Vancouver mayor outlines new priorities, measures to address housing affordability

Wednesday, July 26th, 2017

Mayor outlines ?ambitious? new affordable housing plan

Cheryl Chan
The Province

The City of Vancouver has released a 10-year housing target that shifts its housing strategy towards renters, low to moderate-income earners, and families. 

On Tuesday, the city announced a plan to add 72,000 new housing units over the next decade with an eye not just towards boosting rental supply but ensuring that supply is the “right supply” affordable for residents. 

“One of the really big moves of the housing strategy here is to turn the spigot on for rental housing,” said Gil Kelley, the city’s planning general manager — a recognition from planners and politicians that for many in Vancouver renting is the only affordable option to stay in the city. 

About two-thirds of the 72,000 units will be rentals, including 20,000 purpose-built market rental units, which is quadruple the city’s previous target set in 2012.

Seventy per cent of the new homes are aimed at households earning between $50,000 and $150,000 a year.

Nearly 29,000 units, or 40 per cent, will be for families, including about 13 per cent that’ll be “ground-oriented” units, such as townhouses, laneway homes and coach houses.  

The new housing targets are part of the city’s housing “reset” launched earlier this spring. The final housing strategy will be presented to council in the fall. 

Mayor Gregor Robertson called the plan “the most ambitious and aggressive affordable housing plan Vancouver has ever seen.”

He said the city has a responsibility to get more rental housing built “to make sure we are shaping the market forces that have focused on the high end of the market for too many years. We need to be sure we are creating supply that meets the incomes of people in Vancouver.” 

The plan is the city’s latest salvo to try to alleviate pressures of a sky-high real estate market detached from local incomes and a low rental vacancy rate that has left close to 70 per cent of renters saying they’re unsure whether they’ll stay in the city over the next three to five years.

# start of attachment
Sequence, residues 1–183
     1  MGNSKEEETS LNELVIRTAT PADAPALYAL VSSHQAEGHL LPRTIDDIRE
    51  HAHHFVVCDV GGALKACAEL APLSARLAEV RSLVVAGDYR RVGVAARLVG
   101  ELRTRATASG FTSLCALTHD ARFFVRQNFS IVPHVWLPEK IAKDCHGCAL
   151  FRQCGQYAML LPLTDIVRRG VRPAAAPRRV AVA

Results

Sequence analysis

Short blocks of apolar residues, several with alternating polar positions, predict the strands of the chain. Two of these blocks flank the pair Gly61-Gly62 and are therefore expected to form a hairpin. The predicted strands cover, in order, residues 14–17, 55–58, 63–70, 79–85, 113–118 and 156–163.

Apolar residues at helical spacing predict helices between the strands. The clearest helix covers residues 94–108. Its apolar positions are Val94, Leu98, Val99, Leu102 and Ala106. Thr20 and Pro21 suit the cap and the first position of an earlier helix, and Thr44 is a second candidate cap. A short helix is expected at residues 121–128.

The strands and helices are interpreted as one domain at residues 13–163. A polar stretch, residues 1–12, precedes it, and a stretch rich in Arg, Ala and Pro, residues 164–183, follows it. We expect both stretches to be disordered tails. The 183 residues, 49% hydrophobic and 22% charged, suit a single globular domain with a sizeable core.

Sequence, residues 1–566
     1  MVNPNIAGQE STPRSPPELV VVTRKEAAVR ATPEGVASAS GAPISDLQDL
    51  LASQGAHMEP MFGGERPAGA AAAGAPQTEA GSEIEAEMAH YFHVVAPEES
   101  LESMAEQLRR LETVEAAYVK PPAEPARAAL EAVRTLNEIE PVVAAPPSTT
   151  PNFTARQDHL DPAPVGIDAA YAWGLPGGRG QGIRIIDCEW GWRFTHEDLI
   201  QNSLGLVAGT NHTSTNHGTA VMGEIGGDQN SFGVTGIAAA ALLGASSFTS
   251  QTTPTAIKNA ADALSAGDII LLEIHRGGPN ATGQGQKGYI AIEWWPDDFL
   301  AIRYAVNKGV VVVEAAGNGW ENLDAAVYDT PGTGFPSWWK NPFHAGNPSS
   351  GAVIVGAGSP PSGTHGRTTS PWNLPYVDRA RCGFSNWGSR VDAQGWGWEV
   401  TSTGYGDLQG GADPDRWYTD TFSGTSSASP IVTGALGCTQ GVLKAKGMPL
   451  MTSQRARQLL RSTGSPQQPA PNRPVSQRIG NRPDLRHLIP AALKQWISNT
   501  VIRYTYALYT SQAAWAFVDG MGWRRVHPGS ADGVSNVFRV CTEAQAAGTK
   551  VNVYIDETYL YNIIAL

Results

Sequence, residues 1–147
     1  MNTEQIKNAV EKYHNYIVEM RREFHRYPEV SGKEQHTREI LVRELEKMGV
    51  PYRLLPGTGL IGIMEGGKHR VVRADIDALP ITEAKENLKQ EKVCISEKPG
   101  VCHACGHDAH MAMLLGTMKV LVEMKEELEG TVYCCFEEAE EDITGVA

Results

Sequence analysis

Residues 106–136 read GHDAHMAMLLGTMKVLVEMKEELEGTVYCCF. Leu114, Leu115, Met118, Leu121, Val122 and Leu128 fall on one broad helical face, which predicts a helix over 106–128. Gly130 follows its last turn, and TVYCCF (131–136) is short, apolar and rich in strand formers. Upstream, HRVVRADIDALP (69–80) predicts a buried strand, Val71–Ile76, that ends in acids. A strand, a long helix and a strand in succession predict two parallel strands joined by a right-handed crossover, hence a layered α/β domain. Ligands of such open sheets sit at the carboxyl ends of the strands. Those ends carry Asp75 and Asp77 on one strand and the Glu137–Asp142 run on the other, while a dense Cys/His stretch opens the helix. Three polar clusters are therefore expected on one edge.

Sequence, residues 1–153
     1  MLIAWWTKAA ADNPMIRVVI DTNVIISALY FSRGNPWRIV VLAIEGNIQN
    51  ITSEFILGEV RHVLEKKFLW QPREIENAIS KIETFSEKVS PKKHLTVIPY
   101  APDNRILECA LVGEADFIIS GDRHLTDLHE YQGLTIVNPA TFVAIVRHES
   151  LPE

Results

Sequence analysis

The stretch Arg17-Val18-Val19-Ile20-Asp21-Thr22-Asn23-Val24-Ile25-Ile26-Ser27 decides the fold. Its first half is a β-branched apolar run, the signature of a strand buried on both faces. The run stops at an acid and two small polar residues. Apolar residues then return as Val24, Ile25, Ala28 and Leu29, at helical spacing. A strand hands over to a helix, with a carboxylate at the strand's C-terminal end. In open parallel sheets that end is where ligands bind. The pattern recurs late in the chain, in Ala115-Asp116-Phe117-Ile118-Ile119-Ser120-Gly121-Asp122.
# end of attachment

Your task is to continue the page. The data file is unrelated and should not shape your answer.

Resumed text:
Despite a record number of housing starts and a significant jump in the number of market rentals in Vancouver, affordability has only worsened over the last five years. Even with the aggressive targets, a staff report noted Vancouver’s ability to correct its current course would take longer than 10 years.

According to the report, the city will be unable to meet the projected 54,800 units needed by low- and moderate-income households by 2026 without assistance from the federal or provincial government. 

“You can’t build social or supportive housing without funding from the provincial and federal government,” said Robertson, who called on both levels of government to step up. 

The city said it is already pursuing new programs and policies to achieve its housing targets, including enabling laneway houses, coach houses, and duplexes in single-family neighbourhoods, the implementation of the empty homes tax and new regulations around short-term rentals. 

It said phase 3 of the Cambie Corridor project will create 4,200 homes over the next decade, including 1,000 units slated as social housing or below-market rentals. 

It is also proposing a pilot program for all-rental buildings that’ll require a minimum of 20 per cent below-market units for renters earning between $30,000 to $80,000 a year. The program is being tried out in the Oakridge Municipal Town Centre, with the goal of producing 4,000 of these units. It’s in the “testing phase,” said city staff, to see whether there is interest from developers and to make sure it’ll work. 

NPA councillors George Affleck and Melissa De Genova expressed skepticism the city’s plan would work without a region-wide initiative, noting other cities such as Burnaby and White Rock are losing rental units. 

“Vancouver is trying to do this alone again,” said Affleck. “The rest of the region is relying on Vancouver, and we can’t afford to do this alone. We can’t afford to build the rental units that are required for the entire region.” 

On Wednesday, staff is expected to present the second part of the city’s housing strategy to council, focused on homelessness and housing for lower-income people. 

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